USS New Mexico

  • Displacement: 33,000 tons
  • Length: 624'
  • Speed: 21.5 knots
  • Armament (WWII): 4x3 14"/50, 6x1 5"/51, 8x1 5"/25, 10x4 40mm, 46x1 20mm, 8x1 .50-caliber MG; 2 planes
  • Complement: 2,116
  • Propulsion: Turbo-electric steam turbines, 4 300 psi boilers, 4 shafts, 40,000 hp
  • Commissioned: May 20, 1918
  • Rebuilt: Mar. 1931--Jan. 1933
  • Decommissioned: 1946, Scrapped: 1947

The First Turbo-Electric Dreadnought

Steam turbo-electric drives were first implemented on the collier USS Jupiter, (which was later converted to the Navy’s first aircraft carrier, Langley (CV-1) in 1922). An AC electric drive was used to achieve a reduction in rotation rates between the turbines and the propellers. Turbines use fuel most efficiently when they are run fast, but turning the ships propeller at high speed wastes energy by “cavitation”. Ships burn fuel to create steam to turn a turbine. In the turbo-electric drive, the turbine runs one or two generators, producing electric power. The electricity is then available to power electric motors, which turn the propellers. The steam turbine can then be run at a constant, most fuel-efficient rate, and the propellers can be driven at whatever rate is required.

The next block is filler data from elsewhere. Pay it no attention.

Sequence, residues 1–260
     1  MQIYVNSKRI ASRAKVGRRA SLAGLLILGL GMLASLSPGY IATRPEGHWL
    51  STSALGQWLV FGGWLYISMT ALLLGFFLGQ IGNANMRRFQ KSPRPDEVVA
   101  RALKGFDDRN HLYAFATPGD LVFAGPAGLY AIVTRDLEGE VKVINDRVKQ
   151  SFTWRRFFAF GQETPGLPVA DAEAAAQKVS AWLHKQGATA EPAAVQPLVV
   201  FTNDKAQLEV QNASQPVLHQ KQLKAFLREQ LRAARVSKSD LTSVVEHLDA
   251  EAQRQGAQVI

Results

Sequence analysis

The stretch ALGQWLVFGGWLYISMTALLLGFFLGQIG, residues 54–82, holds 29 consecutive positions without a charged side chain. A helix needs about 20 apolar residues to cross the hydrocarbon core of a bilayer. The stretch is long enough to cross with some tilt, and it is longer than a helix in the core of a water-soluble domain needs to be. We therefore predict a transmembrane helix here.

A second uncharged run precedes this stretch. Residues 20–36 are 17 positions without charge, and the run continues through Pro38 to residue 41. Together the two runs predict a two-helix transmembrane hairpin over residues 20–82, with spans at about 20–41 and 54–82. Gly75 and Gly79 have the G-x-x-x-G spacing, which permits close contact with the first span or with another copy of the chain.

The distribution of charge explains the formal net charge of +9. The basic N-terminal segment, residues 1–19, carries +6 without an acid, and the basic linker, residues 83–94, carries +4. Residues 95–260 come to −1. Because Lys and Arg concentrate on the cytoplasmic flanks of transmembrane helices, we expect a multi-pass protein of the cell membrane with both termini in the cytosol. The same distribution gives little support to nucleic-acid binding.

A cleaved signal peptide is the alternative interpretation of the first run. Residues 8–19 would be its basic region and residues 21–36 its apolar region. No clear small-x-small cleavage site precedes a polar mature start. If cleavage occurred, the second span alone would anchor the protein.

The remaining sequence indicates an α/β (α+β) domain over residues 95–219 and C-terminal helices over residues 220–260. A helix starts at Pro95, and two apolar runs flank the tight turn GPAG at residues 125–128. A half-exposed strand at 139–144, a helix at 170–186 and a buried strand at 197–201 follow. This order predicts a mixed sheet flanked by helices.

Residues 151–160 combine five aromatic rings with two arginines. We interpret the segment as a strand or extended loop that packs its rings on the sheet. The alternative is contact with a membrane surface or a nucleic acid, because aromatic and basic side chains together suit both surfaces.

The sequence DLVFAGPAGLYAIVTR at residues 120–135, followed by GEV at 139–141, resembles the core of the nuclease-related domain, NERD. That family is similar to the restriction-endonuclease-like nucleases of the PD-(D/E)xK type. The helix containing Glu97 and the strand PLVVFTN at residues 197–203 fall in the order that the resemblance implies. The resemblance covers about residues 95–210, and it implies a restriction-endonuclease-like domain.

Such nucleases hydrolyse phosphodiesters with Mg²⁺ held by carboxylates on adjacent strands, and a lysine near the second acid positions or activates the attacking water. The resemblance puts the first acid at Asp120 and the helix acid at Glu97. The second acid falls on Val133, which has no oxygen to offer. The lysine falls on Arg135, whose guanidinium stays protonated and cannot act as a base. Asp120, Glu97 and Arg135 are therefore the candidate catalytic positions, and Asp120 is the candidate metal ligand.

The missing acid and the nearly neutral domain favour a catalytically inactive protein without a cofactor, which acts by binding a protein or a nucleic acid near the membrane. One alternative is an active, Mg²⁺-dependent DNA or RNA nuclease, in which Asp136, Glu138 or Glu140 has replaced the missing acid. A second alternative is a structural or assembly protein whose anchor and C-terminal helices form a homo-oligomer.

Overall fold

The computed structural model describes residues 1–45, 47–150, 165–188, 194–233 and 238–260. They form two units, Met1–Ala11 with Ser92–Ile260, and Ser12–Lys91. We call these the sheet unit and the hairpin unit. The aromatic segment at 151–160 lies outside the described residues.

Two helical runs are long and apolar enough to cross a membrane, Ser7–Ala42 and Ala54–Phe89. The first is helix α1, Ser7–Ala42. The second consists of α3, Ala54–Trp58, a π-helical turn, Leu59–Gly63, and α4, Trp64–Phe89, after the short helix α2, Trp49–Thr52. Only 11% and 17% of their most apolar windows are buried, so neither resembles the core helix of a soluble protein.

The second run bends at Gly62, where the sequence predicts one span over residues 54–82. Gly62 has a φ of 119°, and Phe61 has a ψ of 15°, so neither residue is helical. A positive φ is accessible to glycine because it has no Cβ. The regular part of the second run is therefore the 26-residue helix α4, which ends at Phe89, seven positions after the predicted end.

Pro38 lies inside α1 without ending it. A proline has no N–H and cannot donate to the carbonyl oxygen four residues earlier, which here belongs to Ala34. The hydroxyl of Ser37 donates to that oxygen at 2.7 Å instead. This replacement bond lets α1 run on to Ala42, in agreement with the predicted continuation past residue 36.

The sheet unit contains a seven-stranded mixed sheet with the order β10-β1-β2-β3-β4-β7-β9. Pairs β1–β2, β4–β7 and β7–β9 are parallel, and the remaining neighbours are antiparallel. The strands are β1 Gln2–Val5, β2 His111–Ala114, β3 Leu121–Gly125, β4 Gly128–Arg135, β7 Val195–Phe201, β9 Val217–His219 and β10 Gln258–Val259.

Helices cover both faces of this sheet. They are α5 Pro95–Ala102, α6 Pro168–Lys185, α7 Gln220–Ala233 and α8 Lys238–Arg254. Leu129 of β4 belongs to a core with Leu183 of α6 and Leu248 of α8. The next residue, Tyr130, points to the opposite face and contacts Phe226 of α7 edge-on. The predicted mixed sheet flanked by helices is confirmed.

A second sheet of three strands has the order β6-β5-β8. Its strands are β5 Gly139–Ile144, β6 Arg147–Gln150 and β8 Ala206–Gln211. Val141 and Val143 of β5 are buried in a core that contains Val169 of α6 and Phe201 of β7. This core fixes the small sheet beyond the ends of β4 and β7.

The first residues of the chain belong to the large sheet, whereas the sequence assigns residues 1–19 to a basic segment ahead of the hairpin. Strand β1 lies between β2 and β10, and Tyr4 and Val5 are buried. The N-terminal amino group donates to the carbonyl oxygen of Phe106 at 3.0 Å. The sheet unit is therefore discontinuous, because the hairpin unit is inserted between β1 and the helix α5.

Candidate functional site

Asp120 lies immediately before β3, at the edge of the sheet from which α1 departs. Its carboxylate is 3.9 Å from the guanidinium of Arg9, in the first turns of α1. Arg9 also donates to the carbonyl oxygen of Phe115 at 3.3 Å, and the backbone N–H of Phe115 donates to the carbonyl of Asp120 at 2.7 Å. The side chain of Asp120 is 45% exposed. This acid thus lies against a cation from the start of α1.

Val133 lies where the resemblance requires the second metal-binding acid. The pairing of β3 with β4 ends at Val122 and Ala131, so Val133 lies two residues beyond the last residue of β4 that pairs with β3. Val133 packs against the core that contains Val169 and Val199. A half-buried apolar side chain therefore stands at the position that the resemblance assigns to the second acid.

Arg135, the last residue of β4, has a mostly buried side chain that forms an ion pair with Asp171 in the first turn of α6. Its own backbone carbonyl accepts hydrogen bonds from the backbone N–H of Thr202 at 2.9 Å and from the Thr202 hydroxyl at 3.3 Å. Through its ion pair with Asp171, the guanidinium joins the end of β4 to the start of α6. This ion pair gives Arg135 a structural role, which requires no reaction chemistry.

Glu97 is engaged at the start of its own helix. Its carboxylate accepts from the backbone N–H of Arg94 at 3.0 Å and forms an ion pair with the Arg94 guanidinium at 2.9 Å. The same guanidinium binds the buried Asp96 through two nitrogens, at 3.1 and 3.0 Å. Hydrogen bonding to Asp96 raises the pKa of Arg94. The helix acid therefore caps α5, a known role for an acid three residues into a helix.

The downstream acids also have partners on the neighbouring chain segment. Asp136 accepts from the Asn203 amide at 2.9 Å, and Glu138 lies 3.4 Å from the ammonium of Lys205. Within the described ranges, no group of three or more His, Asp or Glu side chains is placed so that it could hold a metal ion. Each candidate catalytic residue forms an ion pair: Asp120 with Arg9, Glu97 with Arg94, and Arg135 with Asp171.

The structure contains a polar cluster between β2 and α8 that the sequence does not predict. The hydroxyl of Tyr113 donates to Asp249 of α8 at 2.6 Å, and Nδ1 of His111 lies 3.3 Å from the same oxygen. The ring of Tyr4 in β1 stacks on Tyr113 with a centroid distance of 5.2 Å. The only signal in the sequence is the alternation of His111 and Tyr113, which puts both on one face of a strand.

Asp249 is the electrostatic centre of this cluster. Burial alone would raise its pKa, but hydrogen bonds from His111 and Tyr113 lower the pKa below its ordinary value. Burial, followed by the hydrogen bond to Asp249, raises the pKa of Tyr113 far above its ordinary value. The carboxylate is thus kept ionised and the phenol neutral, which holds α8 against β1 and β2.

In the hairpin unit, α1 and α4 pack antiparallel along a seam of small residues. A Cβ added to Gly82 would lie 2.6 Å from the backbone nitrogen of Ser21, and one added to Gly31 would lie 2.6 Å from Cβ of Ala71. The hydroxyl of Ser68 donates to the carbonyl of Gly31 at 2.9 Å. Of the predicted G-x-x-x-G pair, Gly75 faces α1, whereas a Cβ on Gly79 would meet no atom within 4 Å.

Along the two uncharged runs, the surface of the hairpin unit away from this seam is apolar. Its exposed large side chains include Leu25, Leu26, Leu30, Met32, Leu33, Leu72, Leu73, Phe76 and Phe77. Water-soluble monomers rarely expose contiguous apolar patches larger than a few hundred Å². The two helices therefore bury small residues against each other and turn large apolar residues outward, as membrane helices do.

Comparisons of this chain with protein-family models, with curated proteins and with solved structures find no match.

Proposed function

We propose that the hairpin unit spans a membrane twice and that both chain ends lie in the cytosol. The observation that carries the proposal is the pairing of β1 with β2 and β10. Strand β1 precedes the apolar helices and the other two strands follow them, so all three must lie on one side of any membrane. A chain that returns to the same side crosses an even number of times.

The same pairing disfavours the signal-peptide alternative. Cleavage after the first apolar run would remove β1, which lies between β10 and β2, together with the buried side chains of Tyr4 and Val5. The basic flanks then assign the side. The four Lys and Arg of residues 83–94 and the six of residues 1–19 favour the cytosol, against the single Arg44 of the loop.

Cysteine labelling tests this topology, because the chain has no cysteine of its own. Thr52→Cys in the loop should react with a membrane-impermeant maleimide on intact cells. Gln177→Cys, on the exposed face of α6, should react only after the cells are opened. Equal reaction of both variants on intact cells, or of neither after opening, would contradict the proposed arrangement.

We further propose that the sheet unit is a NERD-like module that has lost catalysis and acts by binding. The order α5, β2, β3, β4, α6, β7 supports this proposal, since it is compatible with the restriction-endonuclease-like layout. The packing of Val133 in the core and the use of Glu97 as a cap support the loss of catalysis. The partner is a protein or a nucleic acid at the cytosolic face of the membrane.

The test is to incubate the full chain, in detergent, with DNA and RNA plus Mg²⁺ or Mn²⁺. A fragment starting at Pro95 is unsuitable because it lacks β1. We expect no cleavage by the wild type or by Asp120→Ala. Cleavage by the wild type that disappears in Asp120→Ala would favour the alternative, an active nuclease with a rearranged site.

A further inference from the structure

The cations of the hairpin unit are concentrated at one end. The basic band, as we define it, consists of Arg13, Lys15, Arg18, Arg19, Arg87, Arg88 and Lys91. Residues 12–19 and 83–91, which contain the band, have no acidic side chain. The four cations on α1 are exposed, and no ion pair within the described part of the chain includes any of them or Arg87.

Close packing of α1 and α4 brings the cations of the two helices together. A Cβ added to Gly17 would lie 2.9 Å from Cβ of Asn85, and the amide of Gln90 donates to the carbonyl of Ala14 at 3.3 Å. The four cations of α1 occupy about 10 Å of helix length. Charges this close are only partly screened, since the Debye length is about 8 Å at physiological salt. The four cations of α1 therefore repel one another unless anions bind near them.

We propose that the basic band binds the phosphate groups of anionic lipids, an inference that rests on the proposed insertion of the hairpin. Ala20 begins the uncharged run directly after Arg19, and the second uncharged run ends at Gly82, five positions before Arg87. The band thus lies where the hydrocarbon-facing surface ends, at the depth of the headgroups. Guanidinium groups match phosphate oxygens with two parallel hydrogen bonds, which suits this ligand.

Success with the Jupiter led to the construction of the USS New Mexico (BB-40), and five more turbo-electric battleships (USS Tennesee BB-43, USS California BB-44, USS Colorado BB-45, USS Maryland BB-46 and USS West Virginia BB-48). The U.S. Navy’s second and third aircraft carriers, USS Lexington (CV-2) and USS Saratoga (CV-3), also used turbo-electric plants.

By the 1940’s improvements in the metallurgy and manufacture of gears, allowed satisfactory weight, size and acoustic performance for direct gear reduction without electric motors. “Double reduction” gear systems were lighter and took up less space than the AC turbo-electric drive, and have been used in the big ships ever since.

Service in the Pacific Theater in World War II

In May 1941, New Mexico was transferred to the Atlantic Fleet, and so was not destroyed in Pearl Harbor along with the Battleships USS Arizona (BB-39) and USS Oklahoma (BB-37) on December 7, 1941.

New Mexico participated in numerous shore-bombardment exercises. During the invasion of Luzon, on January 6, 1945, a kamikaze hit her bridge, killing her commanding officer, Captain R. W. Fleming, and 29 others, with 87 injured. She continued to participate in the pre-invasion bombardment while making repairs, through January 9, 1945, when troops went ashore. She was hit by another kamikaze on May 12, 1945, with 54 killed. (Photo of May 12, 1945 attack:

Altogether, New Mexico earned six battlestars for action in World War II. After posing for a victory photograph in Tokyo Bay with Mt. Fuji in the background, New Mexico was decommissioned in 1946, and scrapped in 1947.


World Battleship List: U.S. Dreadnoughts:

Dictionary of American Naval Fighting Ships:

Bespoke for Everything Quests - the High Seas

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